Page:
Mar 08, 2012 K2/Spice defense – The freedom of choice
The man whose 1995 research paper led others to produce the synthetic cannabinoids/ imitation marijuana known as K2 or spice said that people who smoke K2 are "idiots."
I certainly would not use K2, nor do I use marijuana, tobacco or alcohol. I understand the motivation for people to sell and use K2, but do not agree with using it. For those who believe it is legal, they may prefer it over the illegality of marijuana. If K2 cannot be detected by current urine drug tests currently used by employers and the criminal justice system, that might be another motivating factor for using it.
Of course when K2 users and sellers are permitted to be involved with K2, that helps further my own freedom of choice in my own life, which is why I also support marijuana legalization, even though I do not touch the stuff, and can count on one hand the number of times long ago that I tried it, all prior to law school.
Government can try to catch up with K2 by outlawing its components, but there are bound to be people who will find other legal highs that do not contain outlawed ingredients. The federal government, for one, tries to limit having to play such catch up by simply criminalizing the possession of "controlled substance analogues." 21 U.S.C. § 813. State laws should also be consulted concerning state bans on controlled substance analogues.
Specifically, "A controlled substance analogue shall, to the extent intended for human consumption, be treated, for the purposes of any Federal law as a controlled substance in schedule I."
"[C]ontrolled substance analogue" generally means a substance –
"(i) the chemical structure of which is substantially similar to the chemical structure of a controlled substance in schedule I or
(ii) which has a stimulant, depressant, or hallucinogenic effect on the central nervous system that is substantially similar to or greater than the stimulant, depressant, or hallucinogenic effect on the central nervous system of a controlled substance in schedule I or II; or
(iii) with respect to a particular person, which such person represents or intends to have a stimulant, depressant, or hallucinogenic effect on the central nervous system that is substantially similar to or greater than the stimulant, depressant, or hallucinogenic effect on the central nervous system of a controlled substance in schedule I or II."
21 U.S.C. § 802(32)(A).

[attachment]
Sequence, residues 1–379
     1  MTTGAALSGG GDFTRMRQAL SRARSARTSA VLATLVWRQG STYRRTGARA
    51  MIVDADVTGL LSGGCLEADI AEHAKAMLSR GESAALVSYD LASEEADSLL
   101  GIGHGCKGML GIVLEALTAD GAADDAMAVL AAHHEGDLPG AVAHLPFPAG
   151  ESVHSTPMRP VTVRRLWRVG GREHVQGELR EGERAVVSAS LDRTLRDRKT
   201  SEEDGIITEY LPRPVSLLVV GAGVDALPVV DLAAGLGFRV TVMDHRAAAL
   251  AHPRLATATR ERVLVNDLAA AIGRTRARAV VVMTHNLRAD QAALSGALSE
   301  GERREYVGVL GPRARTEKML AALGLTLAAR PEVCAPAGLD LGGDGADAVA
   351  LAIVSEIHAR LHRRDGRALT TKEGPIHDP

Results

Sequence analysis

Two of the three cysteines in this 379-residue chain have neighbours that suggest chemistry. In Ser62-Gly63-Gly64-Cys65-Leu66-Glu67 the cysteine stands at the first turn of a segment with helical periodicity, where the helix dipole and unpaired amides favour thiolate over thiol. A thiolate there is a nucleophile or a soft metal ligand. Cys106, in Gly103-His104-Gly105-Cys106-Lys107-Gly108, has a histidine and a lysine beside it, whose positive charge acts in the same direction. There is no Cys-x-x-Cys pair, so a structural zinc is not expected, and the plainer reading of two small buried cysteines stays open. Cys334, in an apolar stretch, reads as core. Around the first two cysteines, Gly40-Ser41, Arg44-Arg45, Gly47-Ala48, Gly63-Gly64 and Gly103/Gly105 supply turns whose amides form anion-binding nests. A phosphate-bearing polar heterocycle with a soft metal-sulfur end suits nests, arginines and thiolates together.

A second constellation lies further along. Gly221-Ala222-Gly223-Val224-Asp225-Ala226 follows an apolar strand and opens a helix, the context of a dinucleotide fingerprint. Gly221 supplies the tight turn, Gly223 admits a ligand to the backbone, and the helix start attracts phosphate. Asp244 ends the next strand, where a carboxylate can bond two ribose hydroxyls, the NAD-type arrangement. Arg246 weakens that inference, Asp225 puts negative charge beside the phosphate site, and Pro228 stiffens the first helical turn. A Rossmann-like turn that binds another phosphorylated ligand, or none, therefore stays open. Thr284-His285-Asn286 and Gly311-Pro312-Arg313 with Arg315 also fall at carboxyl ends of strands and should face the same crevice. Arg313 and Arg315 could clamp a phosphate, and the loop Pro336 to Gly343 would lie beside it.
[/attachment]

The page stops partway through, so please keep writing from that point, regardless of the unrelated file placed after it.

The United States Code provides a procedure for the Attorney General to add additional substances to the list of controlled substances, to prevent them from being sold over the counter. 21 U.S.C. § 811. In that regard, in March 2011, through the Justice Department’s Drug Enforcement Agency, the Attorney General temporarily placed five synthetic
"cannabinoids into the Controlled Substances Act (CSA) pursuant to the 3 temporary scheduling provisions. The substances are 1-pentyl-3-(1-naphthoyl)indole (JWH-018), 1-butyl-3-(1-naphthoyl)indole (JWH-073), 1-[2-(4-morpholinyl)ethyl]-3-(1-naphthoyl)indole (JWH-200), 5-(1,1-dimethylheptyl)-2-[(1R,3S)-3-hydroxycyclohexyl]-phenol (CP-47,497), and 5-(1,1-dimethyloctyl)-2-[(1R,3S)-3-hydroxycyclohexyl]-phenol (cannabicyclohexanol; CP-47,497 C8 homologue). This action is based on a finding by the Administrator that the placement of these synthetic cannabinoids into Schedule I of the CSA is necessary to avoid an imminent hazard to the public safety."
76 Fed. Reg. 11075 (March 1, 2011). That is a mouthful.
Consequently, for those advising buyers and sellers of imitation marijuana, it is important to remember to be reviewing and analyzing both state and federal law to see whether any components of the product are already specifically outlawed by statute or regulation, and also to review the federal controlled substance analogue statute and any equivalent statute in the relevant state.
Where I practice law, possession of an illegal substance or any other contraband requires knowledge, dominion and control over the substance. One defense against prosecutions for controlled substance analogues is to argue that sufficient proof is lacking to show that the defendant knew of the chemical composition of the alleged controlled substance analogue. Moreover, if the substance in question has not been specifically listed as outlawed by the government, then it becomes all the harder for the prosecution to prove that a synthetic cannabinoid defendant actually knew that s/he possessed banned substances.